Picture credits: Bryan Dorrough

Picture credits: Bryan Dorrough

Trump is not serious about dealing with North Korea

21 April 2017

Call me an optimist, but I think war on the Korean Peninsula is very unlikely. That’s the good news. The bad news is that the Trump Administration’s bellicose and amateurish antics over the issue are undermining America’s strategic credibility, while doing nothing to prevent North Korea building a missile with the range to hit the US mainland (an intercontinental ballistic missile or ICBM). So Trump’s signature mix of tough talk and feeble action is having exactly the effect his critics always expected and feared. It weakens America’s position in Asia, and strengthens China’s.

War on the peninsula is unlikely because it makes no sense for America to start one. That’s because it has no credible military options that offer a reasonable chance of destroying or even seriously obstructing North Korea’s nuclear and missile programs. Many key targets would be hard to find. Even with very good intelligence it would take a sustained strike campaign lasting weeks to make much impact. And at least some of the targets would be so deeply buried as to be almost impossible to touch.

The marginal results of such a campaign would have to be weighed against the costs of North Korea’s retaliation. It is unlikely North Korea would go so far as to immediately invade the South, but it would hit back very hard. And that would leave Washington with a new and even bigger problem: how to react in turn? Not responding to a major but limited North Korean counter-strike would look miserably weak, but any proportionate response would set both sides on an escalating path to a full-scale war which would quite likely become nuclear.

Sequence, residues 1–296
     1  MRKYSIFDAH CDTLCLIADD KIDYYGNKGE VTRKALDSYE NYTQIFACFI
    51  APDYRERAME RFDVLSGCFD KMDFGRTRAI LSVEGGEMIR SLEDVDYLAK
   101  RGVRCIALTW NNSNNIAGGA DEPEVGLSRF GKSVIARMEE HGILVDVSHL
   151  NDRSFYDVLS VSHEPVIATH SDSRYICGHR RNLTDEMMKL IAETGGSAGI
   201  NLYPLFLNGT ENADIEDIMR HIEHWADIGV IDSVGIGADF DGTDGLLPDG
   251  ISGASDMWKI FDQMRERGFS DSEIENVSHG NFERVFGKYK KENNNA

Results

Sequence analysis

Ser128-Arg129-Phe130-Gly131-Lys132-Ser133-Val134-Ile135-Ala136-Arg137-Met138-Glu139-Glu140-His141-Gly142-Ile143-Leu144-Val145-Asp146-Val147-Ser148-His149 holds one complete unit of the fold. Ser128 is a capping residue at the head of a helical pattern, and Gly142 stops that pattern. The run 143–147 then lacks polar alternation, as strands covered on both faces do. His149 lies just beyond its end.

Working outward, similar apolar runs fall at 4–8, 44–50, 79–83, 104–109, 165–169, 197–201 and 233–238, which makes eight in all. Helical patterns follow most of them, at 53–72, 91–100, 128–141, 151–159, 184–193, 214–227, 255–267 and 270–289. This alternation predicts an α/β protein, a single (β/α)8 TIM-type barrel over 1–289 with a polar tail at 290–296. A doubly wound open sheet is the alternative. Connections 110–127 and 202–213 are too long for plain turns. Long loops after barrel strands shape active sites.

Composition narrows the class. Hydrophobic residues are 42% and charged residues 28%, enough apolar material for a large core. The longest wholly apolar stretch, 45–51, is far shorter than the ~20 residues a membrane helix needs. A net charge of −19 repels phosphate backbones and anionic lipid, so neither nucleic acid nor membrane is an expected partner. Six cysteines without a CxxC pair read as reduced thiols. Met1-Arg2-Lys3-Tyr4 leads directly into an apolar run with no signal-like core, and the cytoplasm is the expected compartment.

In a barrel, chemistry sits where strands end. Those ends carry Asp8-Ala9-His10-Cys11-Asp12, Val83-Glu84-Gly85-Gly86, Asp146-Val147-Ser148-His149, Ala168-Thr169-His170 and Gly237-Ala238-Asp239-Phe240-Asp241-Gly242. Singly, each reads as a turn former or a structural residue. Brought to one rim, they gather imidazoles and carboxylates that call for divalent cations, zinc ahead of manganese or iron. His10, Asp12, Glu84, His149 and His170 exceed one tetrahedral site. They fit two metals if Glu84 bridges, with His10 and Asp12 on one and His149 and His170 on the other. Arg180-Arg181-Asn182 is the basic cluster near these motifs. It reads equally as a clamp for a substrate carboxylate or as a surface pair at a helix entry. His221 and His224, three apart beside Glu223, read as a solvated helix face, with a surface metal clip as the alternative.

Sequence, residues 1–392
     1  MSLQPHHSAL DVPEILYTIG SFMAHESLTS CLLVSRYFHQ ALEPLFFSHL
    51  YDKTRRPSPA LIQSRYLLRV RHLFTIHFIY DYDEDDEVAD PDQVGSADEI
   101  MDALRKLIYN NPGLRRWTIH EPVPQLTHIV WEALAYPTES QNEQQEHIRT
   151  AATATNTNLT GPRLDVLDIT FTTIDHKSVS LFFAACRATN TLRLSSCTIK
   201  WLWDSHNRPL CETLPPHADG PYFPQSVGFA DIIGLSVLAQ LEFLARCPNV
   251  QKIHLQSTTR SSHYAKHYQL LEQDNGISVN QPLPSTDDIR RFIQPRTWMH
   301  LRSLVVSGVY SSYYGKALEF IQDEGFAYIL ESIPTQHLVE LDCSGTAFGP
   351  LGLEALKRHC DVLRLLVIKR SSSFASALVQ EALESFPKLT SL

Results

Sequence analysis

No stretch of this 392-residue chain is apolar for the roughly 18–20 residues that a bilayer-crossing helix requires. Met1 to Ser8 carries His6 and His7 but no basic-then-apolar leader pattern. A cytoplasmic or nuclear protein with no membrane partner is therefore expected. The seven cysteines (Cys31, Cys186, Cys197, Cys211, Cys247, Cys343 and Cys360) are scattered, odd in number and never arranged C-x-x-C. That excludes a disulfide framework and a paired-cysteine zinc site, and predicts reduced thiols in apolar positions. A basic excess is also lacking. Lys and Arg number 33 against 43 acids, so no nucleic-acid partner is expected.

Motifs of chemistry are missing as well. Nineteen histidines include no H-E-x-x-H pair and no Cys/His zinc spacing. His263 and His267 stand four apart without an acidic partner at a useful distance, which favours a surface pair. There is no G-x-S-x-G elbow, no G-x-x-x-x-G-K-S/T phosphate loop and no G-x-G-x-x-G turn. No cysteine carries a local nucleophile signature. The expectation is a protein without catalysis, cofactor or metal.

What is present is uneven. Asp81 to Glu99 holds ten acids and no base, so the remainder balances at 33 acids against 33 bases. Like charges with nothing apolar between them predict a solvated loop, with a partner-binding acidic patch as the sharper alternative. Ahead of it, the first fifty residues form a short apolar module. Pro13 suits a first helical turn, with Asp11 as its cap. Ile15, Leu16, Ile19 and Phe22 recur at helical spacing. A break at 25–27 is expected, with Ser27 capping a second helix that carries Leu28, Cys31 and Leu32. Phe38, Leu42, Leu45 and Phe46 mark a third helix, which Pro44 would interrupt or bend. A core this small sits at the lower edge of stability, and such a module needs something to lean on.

Everyone would like to see North Korea’s nuclear and missile programs stopped, but no one has seriously tried to argue that stopping them would be worth the costs of major, and possibly nuclear, war. And no one has convincingly argued that there is a credible military option that does not entail a very serious risk of such a war.

Not for the first time, then, Washington’s ‘all options are on the table’ is a transparent and pointless bluff. The hope that Trump’s missile attack on Syria would make his threats to North Korea more credible missed the big difference between striking an opponent that can’t hit back and striking one that can. And the strange and humiliating muddle about the USS Carl Vinson just confirms how far from serious Washington has been about attacking North Korea.

So Pyongyang won’t be deterred from further testing, and Beijing won’t be spurred into the kind of truly draconian measures that would have any chance of reining Pyongyang in. What happens next is therefore quite predictable. There will be more missile and nuclear tests, America and its allies will fulminate, nothing effective will be done, and North Korea will move steadily closer to an ICBM capability.

To read the entire article by High White, visit the Lowy Institute website.

Photo by Flickr user Bryan Dorrough

Updated:  23 March 2016/Responsible Officer:  Su-Ann Tan/Page Contact:  CAP Web Team